We have been on this case forever. Why are we wasting such a valuable resource?
Imagine twenty years from now, when aging baby boomers are being wheeled into the radiology departments and being told that the MRI machine is out of order because they ran out of helium. They will say, “My kids deserved party balloons!” Or, for that matter, your iPhone costs twice as much because semiconductor manufacturing depends on helium. Or your kids are stuck up on Jeff Bezos’ giant donut in the sky because there was no helium, often used to clean fuel tanks on rockets. There are so many critical uses for helium with so few possible substitutes.
That’s why we have been complaining for years about its frivolous use in party balloons and Thanksgiving Day parades. A decade ago helium was cheap, the price artificially low because the American government was selling off its strategic reserve at a fixed price, not needing it for its dirigible fleet. Companies like Party City sold helium balloons by the zillions, but it is now, according to Buzzfeed, closing 45 stores due to helium shortages. On their website, the company explains:
Helium supply has always been a little up in the air (pun intended). With only three sources producing 75% of the world’s helium, any disruption causes a significant impact. Currently, helium supply is very low while demand is growing… Because of this global helium shortage, fulfillment of balloon orders may be affected at your store. We’re working to replenish the helium at the affected stores as more supply becomes available.
Those three sources are the US government’s strategic reserve, which has cut back on sales of helium and will run out in 2021; Qatar, which is cut off because of Middle East politics; and ExxonMobil in Wyoming, which is closed for maintenance, while other sources have been delayed coming online. Meanwhile, according to consultant Phil Kornbluth,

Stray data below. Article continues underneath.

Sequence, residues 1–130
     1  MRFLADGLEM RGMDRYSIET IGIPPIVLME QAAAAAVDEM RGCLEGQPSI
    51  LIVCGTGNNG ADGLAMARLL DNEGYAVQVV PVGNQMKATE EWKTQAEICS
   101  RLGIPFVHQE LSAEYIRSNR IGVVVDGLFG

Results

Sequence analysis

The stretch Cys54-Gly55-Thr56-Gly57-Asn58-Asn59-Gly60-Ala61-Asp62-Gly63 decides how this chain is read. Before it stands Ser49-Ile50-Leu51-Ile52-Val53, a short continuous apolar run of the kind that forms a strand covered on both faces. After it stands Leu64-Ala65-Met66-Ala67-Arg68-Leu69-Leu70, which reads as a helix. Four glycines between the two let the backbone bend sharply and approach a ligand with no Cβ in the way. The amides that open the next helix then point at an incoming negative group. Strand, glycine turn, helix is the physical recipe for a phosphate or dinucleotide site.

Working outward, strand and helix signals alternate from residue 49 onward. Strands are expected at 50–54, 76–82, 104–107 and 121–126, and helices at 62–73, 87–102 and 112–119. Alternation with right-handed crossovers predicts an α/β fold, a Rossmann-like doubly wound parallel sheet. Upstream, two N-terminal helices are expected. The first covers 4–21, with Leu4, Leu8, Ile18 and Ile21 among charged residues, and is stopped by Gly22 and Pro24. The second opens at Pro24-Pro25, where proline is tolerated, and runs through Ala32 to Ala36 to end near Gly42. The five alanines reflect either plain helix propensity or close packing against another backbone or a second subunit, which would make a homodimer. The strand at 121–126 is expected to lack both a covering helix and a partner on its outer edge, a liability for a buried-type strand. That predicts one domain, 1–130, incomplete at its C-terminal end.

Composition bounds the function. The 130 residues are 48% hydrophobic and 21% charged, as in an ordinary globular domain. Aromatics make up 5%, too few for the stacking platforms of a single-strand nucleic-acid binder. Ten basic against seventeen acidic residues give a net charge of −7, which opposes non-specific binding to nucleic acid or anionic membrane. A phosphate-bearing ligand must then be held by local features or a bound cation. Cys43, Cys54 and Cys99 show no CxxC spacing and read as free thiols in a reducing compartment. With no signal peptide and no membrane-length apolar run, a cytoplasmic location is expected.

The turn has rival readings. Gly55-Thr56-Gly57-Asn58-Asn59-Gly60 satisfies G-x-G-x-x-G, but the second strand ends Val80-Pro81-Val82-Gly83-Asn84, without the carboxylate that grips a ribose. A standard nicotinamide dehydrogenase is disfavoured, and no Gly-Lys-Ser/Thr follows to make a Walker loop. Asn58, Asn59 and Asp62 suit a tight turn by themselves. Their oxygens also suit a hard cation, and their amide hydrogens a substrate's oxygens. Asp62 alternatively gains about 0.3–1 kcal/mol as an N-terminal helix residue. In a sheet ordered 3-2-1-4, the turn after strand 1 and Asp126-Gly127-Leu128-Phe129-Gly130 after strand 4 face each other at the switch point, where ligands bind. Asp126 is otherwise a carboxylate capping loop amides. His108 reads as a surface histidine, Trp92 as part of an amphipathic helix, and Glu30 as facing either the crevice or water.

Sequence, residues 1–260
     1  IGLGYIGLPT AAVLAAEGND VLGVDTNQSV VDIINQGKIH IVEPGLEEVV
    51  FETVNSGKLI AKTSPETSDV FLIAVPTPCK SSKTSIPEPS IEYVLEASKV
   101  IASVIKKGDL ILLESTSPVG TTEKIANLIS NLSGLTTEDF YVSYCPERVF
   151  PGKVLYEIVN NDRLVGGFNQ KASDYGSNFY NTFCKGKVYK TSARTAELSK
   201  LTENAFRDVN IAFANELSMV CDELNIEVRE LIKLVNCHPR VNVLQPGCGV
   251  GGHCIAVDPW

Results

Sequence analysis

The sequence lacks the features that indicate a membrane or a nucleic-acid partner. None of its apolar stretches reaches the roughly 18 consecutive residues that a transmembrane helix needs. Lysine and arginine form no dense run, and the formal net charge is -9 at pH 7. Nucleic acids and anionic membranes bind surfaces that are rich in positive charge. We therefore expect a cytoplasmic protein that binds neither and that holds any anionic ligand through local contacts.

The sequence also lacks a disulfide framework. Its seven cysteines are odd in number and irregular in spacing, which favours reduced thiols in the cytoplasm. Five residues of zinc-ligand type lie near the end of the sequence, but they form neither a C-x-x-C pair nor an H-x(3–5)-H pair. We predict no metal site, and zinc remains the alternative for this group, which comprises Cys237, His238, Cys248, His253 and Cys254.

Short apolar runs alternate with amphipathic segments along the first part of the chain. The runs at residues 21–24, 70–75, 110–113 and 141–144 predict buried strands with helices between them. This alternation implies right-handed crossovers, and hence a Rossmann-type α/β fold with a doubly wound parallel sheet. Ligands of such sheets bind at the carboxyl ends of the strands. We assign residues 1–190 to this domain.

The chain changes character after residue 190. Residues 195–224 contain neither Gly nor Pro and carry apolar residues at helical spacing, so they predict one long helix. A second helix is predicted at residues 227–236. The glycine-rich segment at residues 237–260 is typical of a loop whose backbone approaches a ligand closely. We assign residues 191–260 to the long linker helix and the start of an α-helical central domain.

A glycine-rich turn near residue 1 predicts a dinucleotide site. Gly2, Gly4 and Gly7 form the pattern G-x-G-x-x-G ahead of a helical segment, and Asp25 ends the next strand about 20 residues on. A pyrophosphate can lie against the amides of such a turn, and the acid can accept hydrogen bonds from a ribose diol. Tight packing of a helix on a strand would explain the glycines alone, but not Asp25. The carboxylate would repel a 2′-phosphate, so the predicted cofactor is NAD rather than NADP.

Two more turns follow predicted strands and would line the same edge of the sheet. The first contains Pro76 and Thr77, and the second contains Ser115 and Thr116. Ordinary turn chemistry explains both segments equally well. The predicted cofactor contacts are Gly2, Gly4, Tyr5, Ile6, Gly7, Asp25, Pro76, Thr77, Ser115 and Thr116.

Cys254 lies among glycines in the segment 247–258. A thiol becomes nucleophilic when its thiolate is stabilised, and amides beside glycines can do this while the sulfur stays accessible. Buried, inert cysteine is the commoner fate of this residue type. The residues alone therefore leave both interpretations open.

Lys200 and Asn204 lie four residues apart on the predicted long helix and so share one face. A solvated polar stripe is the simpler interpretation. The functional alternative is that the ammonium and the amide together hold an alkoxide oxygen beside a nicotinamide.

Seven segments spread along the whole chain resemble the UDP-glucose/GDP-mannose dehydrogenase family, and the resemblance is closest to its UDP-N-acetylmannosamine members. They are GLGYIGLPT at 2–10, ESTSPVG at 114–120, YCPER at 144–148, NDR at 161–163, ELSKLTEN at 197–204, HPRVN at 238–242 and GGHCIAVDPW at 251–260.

…the strong global economy experienced during the last few years gave rise to renewed growth, especially in the rapidly growing Chinese market (especially in electronics) and the large US market. A spike in demand from the aerospace segment and growing electronics demand have also contributed to demand growth. While helium demand growth might only be a few percentage points worldwide, that is a very significant increment in a tight market.
Helium production is tied to natural gas production.
Qatar currently supplies around 30% of the worldwide helium demand. All Qatari helium is sourced from its natural gas production as an associated product, along with popular condensate, propane, butane, naphtha, and sulfur. It is not commonly known that Qatar holds a helium reserve of about 360 billion standard cubic feet (bscf), equivalent to more than 50 years of the present global demand – making it likely to hold a position as the foremost global exporter of helium throughout the next decade.
But the key point is that almost all helium is a byproduct of natural gas production. So if you believe that we have to stop fracking, leave fossil fuels in the ground and stop producing so much natural gas, then you are going to be dramatically restricting the supply of helium.
Some believe that we can have a hydrogen economy by stripping it from natural gas and capturing and storing the carbon, in which case we can continue to have an ongoing supply of helium. If you think this is a fantasy, then it is time to stop frivolous uses of helium, to ground Kermit, and save it for the MRI machines.
Party balloon store closing 45 outlets due to lack of helium. Let’s hope they stay closed.
Why are we wasting such a valuable resource? Where will it come from if we don’t drill for natural gas?